Performing a quick Internet search will return hundreds of results on “how best” to represent yourself digitally. Beyond just having a profile, sharing content, and relishing each Like and Share, professionals look to LinkedIn as a resource to further their careers. Organizations share this approach, though through a lens of lead generation.

NO

  • Random connection requests

YES

  • Genuine connections

Think about why you want to connect with this person – especially if they’re not someone you’ve interacted with much. Will both of you benefit from the connection? Can you help each other, from a professional standpoint?

  • Tip: Brief but personalized introductions instead of templates will go much farther in a connection request. The time it takes you to send a cold, standardized template to connect is about the same time the target professional may take to decline your request.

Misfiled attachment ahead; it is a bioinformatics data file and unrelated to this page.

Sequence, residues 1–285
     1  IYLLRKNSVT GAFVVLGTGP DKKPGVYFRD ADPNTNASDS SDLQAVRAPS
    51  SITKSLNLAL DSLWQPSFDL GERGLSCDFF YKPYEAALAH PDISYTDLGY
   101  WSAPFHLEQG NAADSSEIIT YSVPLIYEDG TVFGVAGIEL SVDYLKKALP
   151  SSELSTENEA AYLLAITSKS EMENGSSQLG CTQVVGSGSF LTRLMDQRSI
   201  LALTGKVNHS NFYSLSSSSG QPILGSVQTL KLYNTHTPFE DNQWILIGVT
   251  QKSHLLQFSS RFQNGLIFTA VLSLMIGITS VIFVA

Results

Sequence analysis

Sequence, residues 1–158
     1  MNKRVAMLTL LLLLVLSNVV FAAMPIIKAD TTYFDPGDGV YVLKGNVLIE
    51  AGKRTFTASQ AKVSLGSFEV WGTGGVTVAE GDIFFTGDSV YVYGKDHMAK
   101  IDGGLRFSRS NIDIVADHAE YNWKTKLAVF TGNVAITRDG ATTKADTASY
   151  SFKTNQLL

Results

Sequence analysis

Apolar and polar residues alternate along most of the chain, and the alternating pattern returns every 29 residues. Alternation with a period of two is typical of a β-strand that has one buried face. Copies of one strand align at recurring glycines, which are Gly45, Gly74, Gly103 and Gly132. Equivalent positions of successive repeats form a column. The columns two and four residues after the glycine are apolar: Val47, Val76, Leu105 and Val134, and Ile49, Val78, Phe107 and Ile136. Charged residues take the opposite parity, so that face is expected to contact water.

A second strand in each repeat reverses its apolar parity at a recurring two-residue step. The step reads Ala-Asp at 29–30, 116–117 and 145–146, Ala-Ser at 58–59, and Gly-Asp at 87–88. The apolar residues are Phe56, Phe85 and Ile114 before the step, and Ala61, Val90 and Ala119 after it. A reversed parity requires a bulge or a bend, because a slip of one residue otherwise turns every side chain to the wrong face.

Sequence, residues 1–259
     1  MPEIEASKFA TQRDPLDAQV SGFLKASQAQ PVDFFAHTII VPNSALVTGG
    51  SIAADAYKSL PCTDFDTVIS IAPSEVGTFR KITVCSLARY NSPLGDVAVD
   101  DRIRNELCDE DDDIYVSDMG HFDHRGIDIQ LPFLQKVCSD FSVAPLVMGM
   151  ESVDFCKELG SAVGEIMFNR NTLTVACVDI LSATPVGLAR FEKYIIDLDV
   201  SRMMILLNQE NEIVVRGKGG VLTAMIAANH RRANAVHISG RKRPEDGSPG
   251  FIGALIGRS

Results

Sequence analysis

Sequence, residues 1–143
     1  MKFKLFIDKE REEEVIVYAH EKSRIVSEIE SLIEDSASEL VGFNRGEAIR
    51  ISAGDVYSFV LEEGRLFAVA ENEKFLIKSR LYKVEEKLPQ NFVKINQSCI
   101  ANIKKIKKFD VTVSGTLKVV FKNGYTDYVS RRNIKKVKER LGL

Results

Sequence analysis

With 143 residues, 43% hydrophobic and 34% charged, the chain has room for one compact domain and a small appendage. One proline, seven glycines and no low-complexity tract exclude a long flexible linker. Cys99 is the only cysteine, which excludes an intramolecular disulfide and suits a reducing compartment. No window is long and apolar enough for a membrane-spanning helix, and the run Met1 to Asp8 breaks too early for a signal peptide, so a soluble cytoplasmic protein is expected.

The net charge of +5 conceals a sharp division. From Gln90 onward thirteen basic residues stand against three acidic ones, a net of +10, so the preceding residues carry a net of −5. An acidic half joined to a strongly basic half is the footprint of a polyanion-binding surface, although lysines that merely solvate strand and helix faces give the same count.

NO

  • Social stalking

YES

  • Respect

Did you know that every time you visit someone’s profile on LinkedIn, if that person has a Premium membership, they will be alerted to your visit? Multiple visits can leave a lasting impression – and not necessarily the one you want to leave. Decide if you want to connect, either send the request or don’t, and then move on.

  • We know sending a request to connect and then being rejected can sting, but don’t try this repeatedly. If you sent a personalized message with your connection request, and the connection didn’t accept the request, they have a valid reason, and you should respect it.

NO

  • Selfies

YES

  • Content of value